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Visiting Burges Professors

UW CEE hosts visitors from around the world, thanks to the Burges Endowed Visiting Professorship program. The program provides financial support that enables visitors from other universities to share their expertise and collaborate on research with faculty and students from UW CEE.

Visitors from other universities are invited to participate if they have a unique skillset and have “demonstrated leadership in addressing issues of civil and environmental engineering within the context of the overall ecosystem, as influenced by human endeavors and interactions.”

How to apply to be a visiting professor

Visiting faculty

Name/title Institution Research conducted Year

Ning Dai

Professor Ning Dai

University of Buffalo

Ning is an Associate Professor in the Department of Civil, Structural and Environmental Engineering at the University at Buffalo, the State University of New York. Her research examines the chemical and physical processes involved in engineered water treatment and reuse systems, such as disinfection, disinfection byproducts, and membrane processes. She also studies the sunlight photochemistry of anthropogenic contaminants in natural environments. While at UW, Ning will engage in collaborative research on contaminant degradation relevant to urban waters and impervious surfaces. She will also exchange experiences in engineering design courses, give a research seminar, and meet various research groups and students in CEE.


Stephen Boyles

Professor Stephen Boyles

The University of Texas at Austin

Steve is Professor of Civil, Architectural, and Environmental Engineering at The University of Texas at Austin. His research is in transportation engineering and operations research, specifically focusing on transportation network analysis, routing and equilibrium traffic assignment, and modeling techniques to plan for emerging vehicle technologies. He is also lead author on a new open-access textbook on these topics. While at UW he will collaborate on research topics related to equity impacts of transportation policies, and human factors related to automated vehicles. He will also teach a course on transportation systems, give a research seminar, and meet various research groups and students in CEE.


Karl G. Linden

Professor Karl G. Linden

University of Colorado Boulder

Karl is a Professor of Environmental Engineering and the Mortenson Professor in Sustainable Development at the University of Colorado Boulder. His expertise involves novel water and wastewater treatment systems, including advanced and innovative UV systems for inactivation of pathogens and degradation of organic and other emerging contaminants. He also works in sustainable implementation of water and sanitation technologies globally. While at UW he will collaborate on UV-related research for contaminant degradation, and on sanitation solutions in marginalized communities. He will also teach a series of classes in water reuse, give a research seminar, and meet various research groups and students in CEE.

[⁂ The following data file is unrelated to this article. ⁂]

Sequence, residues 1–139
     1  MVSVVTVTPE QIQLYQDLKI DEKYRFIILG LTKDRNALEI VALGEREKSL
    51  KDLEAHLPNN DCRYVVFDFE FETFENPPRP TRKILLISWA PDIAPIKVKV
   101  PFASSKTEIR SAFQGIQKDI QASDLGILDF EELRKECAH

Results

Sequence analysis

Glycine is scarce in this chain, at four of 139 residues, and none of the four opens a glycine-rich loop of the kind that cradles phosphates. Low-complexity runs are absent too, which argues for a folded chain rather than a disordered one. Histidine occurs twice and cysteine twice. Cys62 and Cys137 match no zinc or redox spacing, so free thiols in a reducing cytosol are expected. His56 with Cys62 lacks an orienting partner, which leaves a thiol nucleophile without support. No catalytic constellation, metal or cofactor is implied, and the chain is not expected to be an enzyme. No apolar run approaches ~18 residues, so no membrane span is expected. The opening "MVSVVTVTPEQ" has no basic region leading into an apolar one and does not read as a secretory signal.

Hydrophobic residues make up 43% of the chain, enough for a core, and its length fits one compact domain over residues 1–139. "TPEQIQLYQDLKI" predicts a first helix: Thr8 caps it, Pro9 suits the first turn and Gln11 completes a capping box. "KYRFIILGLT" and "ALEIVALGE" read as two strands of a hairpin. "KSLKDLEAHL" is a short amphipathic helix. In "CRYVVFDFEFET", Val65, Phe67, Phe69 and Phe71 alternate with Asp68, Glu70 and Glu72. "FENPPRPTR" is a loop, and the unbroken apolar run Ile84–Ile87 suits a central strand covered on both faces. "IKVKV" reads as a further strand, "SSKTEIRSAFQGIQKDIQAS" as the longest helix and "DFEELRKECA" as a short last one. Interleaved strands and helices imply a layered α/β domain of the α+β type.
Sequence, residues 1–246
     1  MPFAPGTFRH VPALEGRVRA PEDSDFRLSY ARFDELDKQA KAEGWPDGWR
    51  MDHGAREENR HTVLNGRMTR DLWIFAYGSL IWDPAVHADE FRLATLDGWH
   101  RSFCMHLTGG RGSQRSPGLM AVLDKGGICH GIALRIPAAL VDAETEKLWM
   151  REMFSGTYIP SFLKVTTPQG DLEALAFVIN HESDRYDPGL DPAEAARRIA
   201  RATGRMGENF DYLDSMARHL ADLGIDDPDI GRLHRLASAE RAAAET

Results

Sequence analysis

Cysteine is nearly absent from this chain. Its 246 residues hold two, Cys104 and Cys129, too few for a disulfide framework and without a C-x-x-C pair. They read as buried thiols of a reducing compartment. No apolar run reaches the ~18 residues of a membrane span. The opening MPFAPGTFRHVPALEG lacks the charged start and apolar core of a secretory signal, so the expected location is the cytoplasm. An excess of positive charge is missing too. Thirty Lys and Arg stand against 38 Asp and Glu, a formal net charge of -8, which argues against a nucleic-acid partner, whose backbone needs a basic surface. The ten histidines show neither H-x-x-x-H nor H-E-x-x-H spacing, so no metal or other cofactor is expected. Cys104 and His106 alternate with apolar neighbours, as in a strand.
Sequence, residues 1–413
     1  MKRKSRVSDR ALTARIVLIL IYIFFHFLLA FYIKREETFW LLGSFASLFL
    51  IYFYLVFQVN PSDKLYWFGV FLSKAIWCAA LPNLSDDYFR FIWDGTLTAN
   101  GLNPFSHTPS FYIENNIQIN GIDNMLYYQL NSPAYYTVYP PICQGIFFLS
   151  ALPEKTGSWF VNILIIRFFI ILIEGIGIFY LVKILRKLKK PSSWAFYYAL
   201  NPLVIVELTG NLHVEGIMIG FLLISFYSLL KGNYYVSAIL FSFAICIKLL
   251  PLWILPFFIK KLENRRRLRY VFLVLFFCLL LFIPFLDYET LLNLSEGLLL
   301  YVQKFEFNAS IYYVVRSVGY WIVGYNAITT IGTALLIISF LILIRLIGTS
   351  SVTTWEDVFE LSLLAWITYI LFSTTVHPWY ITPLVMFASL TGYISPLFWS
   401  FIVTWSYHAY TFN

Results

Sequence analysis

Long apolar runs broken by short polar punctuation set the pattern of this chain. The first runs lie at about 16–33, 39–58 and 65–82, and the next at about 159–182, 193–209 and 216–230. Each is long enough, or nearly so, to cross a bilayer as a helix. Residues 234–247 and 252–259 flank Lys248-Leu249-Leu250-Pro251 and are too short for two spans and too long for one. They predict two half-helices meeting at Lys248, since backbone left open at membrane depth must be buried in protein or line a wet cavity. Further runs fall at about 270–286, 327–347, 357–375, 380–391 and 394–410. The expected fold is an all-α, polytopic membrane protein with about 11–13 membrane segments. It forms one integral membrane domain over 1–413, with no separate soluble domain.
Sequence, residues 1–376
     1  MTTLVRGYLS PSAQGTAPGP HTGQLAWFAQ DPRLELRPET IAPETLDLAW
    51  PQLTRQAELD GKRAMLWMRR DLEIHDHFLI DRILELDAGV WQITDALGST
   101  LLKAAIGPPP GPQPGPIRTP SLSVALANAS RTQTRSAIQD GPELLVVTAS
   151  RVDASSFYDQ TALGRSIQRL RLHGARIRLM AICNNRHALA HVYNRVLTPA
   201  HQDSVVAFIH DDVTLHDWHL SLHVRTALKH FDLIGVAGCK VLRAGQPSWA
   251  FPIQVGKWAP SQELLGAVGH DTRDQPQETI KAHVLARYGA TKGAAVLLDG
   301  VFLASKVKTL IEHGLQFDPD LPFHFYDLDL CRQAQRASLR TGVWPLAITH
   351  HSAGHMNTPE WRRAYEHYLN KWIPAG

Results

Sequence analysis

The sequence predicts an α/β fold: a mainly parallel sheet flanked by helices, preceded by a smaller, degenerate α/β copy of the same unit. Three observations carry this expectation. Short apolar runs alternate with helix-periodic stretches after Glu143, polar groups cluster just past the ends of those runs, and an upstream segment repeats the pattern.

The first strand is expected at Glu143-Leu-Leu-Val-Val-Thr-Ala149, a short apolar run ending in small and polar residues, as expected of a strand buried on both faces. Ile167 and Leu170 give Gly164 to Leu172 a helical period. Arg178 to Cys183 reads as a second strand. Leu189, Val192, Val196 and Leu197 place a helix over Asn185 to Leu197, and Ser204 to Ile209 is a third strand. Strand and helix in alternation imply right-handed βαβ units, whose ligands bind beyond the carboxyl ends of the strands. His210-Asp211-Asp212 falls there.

May 6, 2022 Lecture Recording

Timo Hartmann

Professor Timo Hartmann
TU Berlin

Timo is Professor for Systems Engineering at the TU Berlin. where he is responsible for the teaching program of the Civil Systems Engineering department. The department offers a Masters Program in Civil Systems Engineering teaching students advanced engineering practices, such as generative design, multi-physics simulation, life-cycle and circular product assessment, and data analytics. At the same time, Timo manages the research of the department with a focus on Circular Economy for the Built Environment and Complex Infrastructure System Management. Timo is deputy editor of Construction, Engineering, and Architectural Management and chief editor of Advanced Engineering Informatics. During his visit at UW, Timo will explore the organizational ramifications that a change of engineering work towards a digital practice will cause, with a particular focus on how the ongoing digitization will affect minorities within the engineering workforce. While at UW, Timo will also teach a class in Integrated Collaborative Engineering practice and a PhD seminar titled "The role and future of civil engineering as a profession".